NEW DELHI (Reuters) - India and other leading oil buyers will benefit from the waiver the United States has granted them from Iran sanctions, the South Asian nation’s oil minister said on Saturday.
The United States said on Friday it will temporarily allow eight importers to keep buying Iranian oil when it re-imposes sanctions on Monday to try to force Iran to curb its nuclear, missile and regional activities. It did not name the countries which would benefit.
India’s Oil Minister Dharmendra Pradhan said it won the waiver largely due to a forceful campaign by Indian Prime Minister Narendra Modi. India had been vocal at international forums about rising oil prices and its impact on the economy.
“In the current geopolitically challenging scenario, India has managed to convince international leaders,” Pradhan told reporters in New Delhi.
Having abandoned the 2015 Iran nuclear deal, U.S. President Donald Trump is trying to cripple Iran’s oil-dependent economy and force Tehran to quash not only its nuclear ambitions and its ballistic missile programme but its support for militant proxies in Syria, Yemen, Lebanon and other parts of the Middle East.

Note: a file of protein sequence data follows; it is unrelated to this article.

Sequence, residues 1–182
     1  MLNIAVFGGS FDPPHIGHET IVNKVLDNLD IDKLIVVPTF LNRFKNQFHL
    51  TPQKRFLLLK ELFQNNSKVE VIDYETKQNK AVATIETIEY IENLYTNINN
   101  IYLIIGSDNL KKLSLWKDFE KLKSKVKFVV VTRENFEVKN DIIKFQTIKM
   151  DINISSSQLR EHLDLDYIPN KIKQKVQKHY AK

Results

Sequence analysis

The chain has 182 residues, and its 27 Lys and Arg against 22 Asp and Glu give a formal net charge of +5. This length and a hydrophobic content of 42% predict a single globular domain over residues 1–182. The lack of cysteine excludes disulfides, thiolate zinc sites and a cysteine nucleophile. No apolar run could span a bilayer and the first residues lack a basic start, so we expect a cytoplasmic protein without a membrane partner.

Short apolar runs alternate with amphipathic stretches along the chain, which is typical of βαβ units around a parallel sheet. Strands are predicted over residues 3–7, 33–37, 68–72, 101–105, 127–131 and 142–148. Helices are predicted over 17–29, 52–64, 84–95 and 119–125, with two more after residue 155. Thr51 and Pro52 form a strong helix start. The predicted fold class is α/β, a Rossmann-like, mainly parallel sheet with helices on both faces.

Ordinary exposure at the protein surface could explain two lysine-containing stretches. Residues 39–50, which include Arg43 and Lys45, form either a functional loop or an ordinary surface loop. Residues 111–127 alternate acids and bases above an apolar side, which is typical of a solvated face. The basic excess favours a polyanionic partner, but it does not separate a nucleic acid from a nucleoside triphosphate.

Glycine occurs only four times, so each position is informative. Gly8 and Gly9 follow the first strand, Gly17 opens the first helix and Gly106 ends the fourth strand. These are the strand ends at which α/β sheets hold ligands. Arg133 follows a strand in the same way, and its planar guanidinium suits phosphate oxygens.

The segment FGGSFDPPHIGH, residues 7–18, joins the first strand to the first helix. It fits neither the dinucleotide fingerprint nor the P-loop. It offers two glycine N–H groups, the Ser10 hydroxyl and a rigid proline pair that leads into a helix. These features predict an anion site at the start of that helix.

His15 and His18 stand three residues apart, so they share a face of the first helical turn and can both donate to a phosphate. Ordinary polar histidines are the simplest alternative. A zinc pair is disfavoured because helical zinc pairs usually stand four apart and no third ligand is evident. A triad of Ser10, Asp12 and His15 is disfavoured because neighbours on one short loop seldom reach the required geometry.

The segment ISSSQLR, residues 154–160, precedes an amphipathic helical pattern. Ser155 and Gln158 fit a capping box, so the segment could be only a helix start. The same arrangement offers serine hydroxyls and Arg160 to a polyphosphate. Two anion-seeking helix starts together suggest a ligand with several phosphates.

China, India, South Korea, Turkey, Italy, the United Arab Emirates and Japan have been top importers of Iran’s oil, while Taiwan occasionally buys cargoes of Iranian crude but is not a major buyer.
Further details of the United States’ decision on Iran sanctions will be released on Monday.
Reporting by Nidhi Verma; Editing by Jacqueline Wong